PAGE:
Gigi Pizzeria, Sydney, New South Wales
From street eats to high-end degustations, Australia has a growing appetite for plant-based food.
By Nina Karnikowski
Published: 24 February, 2017
Whether for taste, variety, ethics or health, Australians are embracing vegan cuisine like never before. From plant-based pizza and vegan “fish” and chips, to premium degustations and indulgent desserts, these six new dining experiences offer something for everyone.
Gigi Pizzeria, Sydney
You know veganism is a serious trend when one of Sydney’s most popular pizza joints deletes all meat, fish and cheese from its menu. Gigi Pizzeria, located in the neighbourhood of Newtown (Sydney’s unofficial capital of all things vegan), now spins traditional Neapolitan wood-fired pizze with 100 per cent plant-based toppings. Gigi’s creations will have you forgetting about cheese in no time, try the Funghi e Radicchio with Swiss brown mushrooms, dairy-free blue cheese, radicchio and roasted walnuts, or the Patate topped with thinly sliced potato seasoned with garlic, rosemary and black truffle pate. In any case, say Gigi’s owners, traditional pizza never had meat or cheese on it anyway.
Girls and Boys, Melbourne
Is there anything better than a dessert that makes you feel virtuous for eating it? The clever folk at this new vegan dessert bar in the hip Melbourne neighbourhood of Fitzroy whip up soft serves made from blended coconut and soy milks, vegan thickshakes and spiced mylks, matcha almond tarts and maca fudge bars, and other options free of gluten and refined sugar. This is the third vegetarian restaurant to be opened by this group of entrepreneurs – a sure sign that Melbourne’s appetite for wholesome, totally plant-based food is growing rapidly.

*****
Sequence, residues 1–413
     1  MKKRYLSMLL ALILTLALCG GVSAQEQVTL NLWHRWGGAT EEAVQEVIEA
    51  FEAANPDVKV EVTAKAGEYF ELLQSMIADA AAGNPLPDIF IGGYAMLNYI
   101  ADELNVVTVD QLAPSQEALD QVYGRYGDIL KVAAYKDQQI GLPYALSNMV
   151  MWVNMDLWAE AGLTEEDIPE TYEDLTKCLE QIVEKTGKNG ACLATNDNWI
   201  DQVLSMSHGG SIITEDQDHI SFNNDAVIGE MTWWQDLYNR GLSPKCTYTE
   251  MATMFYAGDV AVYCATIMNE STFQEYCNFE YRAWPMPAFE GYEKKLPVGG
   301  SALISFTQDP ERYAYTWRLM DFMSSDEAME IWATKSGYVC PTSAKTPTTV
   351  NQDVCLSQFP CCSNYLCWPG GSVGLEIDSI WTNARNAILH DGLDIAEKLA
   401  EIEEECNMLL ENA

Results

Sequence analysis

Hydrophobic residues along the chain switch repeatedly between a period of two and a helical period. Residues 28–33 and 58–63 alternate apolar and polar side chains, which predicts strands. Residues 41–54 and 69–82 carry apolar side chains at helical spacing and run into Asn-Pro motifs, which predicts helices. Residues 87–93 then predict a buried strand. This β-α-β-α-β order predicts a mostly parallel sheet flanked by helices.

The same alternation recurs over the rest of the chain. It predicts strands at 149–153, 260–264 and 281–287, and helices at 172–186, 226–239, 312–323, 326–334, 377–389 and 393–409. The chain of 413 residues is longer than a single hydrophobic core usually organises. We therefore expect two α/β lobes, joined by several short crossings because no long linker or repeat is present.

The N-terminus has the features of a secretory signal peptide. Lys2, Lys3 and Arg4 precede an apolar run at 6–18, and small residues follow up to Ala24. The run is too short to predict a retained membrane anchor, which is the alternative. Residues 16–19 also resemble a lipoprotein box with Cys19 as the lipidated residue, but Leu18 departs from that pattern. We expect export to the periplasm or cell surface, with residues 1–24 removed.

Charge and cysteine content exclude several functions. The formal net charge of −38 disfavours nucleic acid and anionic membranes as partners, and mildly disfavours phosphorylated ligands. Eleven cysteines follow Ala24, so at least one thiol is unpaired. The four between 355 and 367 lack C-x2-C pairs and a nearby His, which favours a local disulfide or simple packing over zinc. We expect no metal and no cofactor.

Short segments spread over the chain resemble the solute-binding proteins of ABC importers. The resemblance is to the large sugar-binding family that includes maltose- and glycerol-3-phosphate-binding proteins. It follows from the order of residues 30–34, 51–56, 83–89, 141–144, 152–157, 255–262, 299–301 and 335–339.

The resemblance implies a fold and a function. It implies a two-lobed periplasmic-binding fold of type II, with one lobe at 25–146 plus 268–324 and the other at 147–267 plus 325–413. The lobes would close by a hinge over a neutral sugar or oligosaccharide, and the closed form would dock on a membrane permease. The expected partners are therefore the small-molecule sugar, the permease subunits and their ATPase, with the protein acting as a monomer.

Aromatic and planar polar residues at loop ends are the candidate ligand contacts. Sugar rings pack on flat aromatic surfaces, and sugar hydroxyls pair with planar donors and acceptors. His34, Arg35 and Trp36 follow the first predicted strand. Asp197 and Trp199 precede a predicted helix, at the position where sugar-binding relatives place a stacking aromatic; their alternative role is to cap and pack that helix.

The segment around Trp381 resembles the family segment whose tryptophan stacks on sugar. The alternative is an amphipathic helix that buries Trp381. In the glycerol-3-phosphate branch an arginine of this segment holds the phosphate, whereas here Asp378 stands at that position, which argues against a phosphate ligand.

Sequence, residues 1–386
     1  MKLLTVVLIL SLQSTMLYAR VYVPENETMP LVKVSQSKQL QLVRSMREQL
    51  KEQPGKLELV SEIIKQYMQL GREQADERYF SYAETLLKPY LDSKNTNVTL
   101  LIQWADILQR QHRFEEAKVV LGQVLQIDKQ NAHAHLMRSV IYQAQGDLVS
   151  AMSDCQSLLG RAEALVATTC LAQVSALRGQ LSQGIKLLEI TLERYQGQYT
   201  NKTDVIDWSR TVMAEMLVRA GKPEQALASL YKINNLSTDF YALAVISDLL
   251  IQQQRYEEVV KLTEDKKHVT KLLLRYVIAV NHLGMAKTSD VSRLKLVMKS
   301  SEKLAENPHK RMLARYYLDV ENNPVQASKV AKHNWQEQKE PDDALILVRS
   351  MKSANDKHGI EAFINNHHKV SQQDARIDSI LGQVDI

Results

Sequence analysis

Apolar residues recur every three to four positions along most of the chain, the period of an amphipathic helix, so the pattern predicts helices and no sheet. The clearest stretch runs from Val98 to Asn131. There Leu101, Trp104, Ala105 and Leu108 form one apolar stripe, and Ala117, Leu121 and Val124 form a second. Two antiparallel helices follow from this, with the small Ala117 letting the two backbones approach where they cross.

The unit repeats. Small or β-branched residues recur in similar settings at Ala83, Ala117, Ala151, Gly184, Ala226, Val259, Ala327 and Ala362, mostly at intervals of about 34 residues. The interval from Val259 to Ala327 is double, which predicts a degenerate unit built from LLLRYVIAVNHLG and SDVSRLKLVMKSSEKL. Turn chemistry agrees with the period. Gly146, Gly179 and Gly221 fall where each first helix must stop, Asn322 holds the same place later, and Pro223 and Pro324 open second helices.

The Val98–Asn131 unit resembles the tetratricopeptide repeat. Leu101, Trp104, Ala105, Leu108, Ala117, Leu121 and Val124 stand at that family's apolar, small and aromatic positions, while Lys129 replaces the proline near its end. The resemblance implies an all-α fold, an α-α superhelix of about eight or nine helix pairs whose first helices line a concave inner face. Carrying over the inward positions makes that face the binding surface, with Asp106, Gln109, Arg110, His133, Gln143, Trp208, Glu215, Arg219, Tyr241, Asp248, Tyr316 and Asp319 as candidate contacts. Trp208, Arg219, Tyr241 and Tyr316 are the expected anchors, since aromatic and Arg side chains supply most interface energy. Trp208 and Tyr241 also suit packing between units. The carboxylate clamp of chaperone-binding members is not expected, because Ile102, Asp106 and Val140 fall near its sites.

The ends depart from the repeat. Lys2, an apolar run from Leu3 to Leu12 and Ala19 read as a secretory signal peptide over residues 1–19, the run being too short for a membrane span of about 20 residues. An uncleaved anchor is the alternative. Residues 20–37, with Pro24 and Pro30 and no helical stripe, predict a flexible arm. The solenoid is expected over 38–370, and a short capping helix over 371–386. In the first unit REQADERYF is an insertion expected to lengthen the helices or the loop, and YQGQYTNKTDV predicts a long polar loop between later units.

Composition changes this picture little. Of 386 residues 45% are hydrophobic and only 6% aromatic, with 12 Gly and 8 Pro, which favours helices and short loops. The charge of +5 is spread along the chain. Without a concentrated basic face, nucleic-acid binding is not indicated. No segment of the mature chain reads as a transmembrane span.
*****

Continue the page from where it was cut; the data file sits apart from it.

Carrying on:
The Green Lion Bistro, Sydney
The opening of Sydney’s first vegan pub late last year made it official: vegan dining in Australia is now fun. A traditional Australian pub menu is typically heavy on meat, but in the inner city neighbourhood of Rozelle, The Green Lion dishes up a playful twist on the experience. The menu has vegan versions of Australian classics including hamburgers with faux meat patties, mock meat pies and tofu-based “fish” tacos – all served with a range of vegan wines and beers in a typical Australian pub atmosphere. It’s enough to impress even the most suspicious carnivores.
High-end Sydney restaurant Yellow revamped its menu to be 100 per cent vegetarian last year – a sign that Australians are serious about plant-based eating, and willing to pay for it. The vegies at this award-winning restaurant are treated with the same level of creativity as animal proteins usually are, so the simplest sounding dishes – such as eggplant, corn and black garlic, or young carrots, goats cheese and macadamia – are full of flavour combinations that tap-dance on your palette. Come for the nightly vegan degustations, and don’t miss the natural and organic wine list, which, with its changing selection of Australian and international wines, reflects the latest winemaking trends around the world.
The Alley, Melbourne
Veganism isn’t just for restaurants – lots of Australians want their fast food to be plant based, too. Slated to open in Melbourne’s St Kilda in mid March, The Alley is taking a vegan approach to fast food, promising nutrient-dense, inexpensive vegan food that will be turned around in 10 minutes. Expect vegan burgers (including a Hawaiian burger made with pineapple and jackfruit), vegan mac’n’cheese, vegan gluten-free pastas and vegan ice cream – an innovative, healthy approach to comfort food.
Bliss & Chips, Sydney
A cursory glance at the menu of this eatery, also in the neighbourhood of Newtown, would have you thinking you were at any regular fish ’n’ chippery. Crabsticks, fish, calamari and prawns are all on the menu at the newly opened Bliss & Chips, but the restaurant is actually battering up ocean-flavoured soy-based proteins instead of marine life – with a batter that’s gluten free and non-GMO, no less. Which means no one misses out on the great Australian tradition of fish and chips, whatever their dietary preferences.
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